Volume 75
Number 1

The Classes

Beyond the Basics
A message from AEA Executive Director Bob Carpenter

Six weeks in Tibet

Reflection on tradition

Charter Day redux

Eugene Williams Jr. '91C

Where Eagles have landed

Why do Voles Fall in Love?

The Once and Future Mummy Museum

Got bluemilk?

Pop Culture






Six weeks in Tibet
Scott Davis ’92C

NOTHING SCOTT DAVIS '92C had encountered since graduating from Emory College prepared him for Tibet. Not the field work studying grizzly bears in Wyoming or marine biology research in the Caribbean, Indonesia, and Micronesia.

Last summer, while tracking shark migration off the American West Coast, Davis, who is pursuing a master’s degree in marine biology at the University of California at Santa Cruz, signed on for a six-week medical relief project with the non-profit, San Francisco–based Tibet Child Nutrition Health Project, which brought a quarter of a million dollars worth of antibiotics, vitamins, aspirin, blood-pressure medications, and other basic medical supplies into remote areas.

"The [Tibetan] villages are very rural, tough places to get to, a lot like frontier towns or outposts, with no running water, no sanitation, very little electricity. Virtually nothing gets to them in terms of health care," Davis says.

The relief effort faced political as well as geographical obstacles, including the presence of the occupying Chinese government. Escorts were present at all times, travel permits were required before every foray into individual villages, and Davis and his team were strictly forbidden from even mentioning the name of the Dalai Lama, the exiled spiritual and temporal leader of the Tibetan people.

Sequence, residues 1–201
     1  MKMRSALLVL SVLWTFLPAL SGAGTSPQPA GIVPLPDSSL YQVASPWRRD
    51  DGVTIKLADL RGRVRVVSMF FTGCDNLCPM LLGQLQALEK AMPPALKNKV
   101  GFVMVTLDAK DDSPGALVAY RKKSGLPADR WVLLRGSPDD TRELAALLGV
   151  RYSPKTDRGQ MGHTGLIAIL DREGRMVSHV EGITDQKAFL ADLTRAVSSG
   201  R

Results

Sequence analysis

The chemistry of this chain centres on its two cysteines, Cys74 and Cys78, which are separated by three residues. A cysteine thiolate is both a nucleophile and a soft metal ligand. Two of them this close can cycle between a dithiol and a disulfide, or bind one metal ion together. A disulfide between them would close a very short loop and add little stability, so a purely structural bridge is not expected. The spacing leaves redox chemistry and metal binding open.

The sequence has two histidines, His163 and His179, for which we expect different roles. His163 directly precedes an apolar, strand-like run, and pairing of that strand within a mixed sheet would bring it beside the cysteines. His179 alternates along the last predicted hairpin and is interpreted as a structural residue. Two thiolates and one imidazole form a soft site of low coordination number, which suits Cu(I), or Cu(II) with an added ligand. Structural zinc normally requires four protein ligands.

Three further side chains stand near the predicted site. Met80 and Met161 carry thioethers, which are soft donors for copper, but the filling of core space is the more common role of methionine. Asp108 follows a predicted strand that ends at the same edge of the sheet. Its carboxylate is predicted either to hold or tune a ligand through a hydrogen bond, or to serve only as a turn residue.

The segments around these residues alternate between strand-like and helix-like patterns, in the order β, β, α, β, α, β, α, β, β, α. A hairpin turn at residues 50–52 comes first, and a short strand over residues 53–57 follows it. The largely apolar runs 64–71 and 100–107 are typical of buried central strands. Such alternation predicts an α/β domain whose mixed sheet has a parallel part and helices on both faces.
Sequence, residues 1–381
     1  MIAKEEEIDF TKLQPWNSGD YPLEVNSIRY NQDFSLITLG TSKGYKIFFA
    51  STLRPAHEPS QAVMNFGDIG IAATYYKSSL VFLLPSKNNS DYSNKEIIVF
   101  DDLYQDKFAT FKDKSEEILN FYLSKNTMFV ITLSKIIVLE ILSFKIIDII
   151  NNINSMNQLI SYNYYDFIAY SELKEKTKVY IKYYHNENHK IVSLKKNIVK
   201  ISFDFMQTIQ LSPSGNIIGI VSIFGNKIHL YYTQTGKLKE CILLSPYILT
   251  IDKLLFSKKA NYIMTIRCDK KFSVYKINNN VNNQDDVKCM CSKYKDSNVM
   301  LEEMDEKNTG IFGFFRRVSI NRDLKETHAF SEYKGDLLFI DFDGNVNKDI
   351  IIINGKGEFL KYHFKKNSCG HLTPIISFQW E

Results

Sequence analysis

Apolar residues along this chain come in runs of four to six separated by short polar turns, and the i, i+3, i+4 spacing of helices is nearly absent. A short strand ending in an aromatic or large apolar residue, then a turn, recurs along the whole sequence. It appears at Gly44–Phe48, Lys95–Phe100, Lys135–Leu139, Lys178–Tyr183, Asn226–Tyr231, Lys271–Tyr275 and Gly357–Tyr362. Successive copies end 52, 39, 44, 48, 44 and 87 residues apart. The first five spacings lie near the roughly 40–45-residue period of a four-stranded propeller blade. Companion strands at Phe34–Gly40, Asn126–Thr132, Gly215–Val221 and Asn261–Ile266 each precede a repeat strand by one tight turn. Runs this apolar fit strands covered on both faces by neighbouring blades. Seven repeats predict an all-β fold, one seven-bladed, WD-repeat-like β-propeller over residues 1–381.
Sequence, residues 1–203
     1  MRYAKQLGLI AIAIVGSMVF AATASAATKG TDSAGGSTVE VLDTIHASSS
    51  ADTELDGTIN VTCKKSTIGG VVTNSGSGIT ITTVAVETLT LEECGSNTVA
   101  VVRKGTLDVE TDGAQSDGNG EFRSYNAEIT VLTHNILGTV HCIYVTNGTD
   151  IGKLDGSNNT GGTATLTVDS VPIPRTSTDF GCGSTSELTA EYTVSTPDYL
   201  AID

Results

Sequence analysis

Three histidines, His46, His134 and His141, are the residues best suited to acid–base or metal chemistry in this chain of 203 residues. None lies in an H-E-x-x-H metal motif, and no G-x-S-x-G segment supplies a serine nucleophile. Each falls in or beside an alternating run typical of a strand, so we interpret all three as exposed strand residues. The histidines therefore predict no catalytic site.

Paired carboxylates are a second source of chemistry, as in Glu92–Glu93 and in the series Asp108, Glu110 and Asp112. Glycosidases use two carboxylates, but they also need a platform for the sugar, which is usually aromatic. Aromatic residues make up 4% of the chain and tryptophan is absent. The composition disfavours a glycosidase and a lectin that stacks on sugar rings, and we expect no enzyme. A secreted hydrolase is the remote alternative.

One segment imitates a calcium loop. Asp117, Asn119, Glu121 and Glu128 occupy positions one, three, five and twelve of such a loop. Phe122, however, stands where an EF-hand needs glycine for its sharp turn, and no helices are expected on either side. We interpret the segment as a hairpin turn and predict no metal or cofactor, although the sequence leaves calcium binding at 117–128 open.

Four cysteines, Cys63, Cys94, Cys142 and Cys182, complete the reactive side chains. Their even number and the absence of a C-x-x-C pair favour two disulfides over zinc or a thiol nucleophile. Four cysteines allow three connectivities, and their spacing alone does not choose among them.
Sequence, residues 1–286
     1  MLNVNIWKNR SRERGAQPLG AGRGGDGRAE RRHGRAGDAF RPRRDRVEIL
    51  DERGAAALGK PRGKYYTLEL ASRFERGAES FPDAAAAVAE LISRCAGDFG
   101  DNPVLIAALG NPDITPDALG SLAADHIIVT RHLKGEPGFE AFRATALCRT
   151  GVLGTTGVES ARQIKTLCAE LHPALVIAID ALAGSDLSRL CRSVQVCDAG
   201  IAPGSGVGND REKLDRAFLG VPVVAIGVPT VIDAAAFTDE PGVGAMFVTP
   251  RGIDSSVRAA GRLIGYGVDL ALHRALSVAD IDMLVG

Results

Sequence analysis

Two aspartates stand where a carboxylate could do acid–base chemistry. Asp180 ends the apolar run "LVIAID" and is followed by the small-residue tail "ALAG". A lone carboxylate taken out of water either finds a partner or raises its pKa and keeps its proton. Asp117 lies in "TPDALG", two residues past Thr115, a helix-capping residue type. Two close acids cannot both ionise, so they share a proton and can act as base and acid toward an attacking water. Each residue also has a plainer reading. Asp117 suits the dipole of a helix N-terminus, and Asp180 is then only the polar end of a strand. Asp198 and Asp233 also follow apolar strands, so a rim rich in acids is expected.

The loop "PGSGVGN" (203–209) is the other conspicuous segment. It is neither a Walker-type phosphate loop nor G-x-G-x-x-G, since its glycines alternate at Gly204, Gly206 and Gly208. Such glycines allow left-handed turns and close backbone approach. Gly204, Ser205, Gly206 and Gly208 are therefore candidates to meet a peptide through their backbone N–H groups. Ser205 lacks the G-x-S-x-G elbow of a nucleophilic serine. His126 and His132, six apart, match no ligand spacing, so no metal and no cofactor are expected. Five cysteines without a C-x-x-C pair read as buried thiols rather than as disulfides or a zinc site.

The Tibetan people were "amazing and incredibly warm. They would rush to hold your hand."

But Davis says he was always heartened by the receptiveness of the Tibetan villagers.

"Generally speaking they were amazing, incredibly warm. They would rush to hold your hand and want to touch you. The people would come out in droves and line up for hundreds of feet waiting all day just to be seen."

Davis was equally struck by the relative contrast, and comforts, of the Tibetan capital, Lhasa, where even Western pop culture has made inroads. More than once, children ran up to the blond-haired, blue-eyed Davis yelling "Brad Pitt! Brad Pitt!," he says, a testament to bootlegged copies of the recent film Seven Years in Tibet.

Davis also toured Buddhist shrines and scaled an eighteen-thousand-foot section of Mount Everest. But his most lasting memories remain with the Tibetan villagers.

"It’s a pretty emotional trip, and living under those conditions you just couldn’t help but feel the stress they’re under."


The blond-haired Davis, shown here with a Tibetan monk, was frequently mistaken for Brad Pitt, star of the film Seven Years in Tibet.

For Davis, that instilled a sense of purpose into the trip, one he plans to repeat this summer by spending eight or nine weeks in Tibet.— G.F.


Top: While volunteering with the Tibet Child Nutrition Health Project, Scott Davis ’92C took time to scale an eighteen-thousand-foot section of Mount Everest.




©1999 Emory University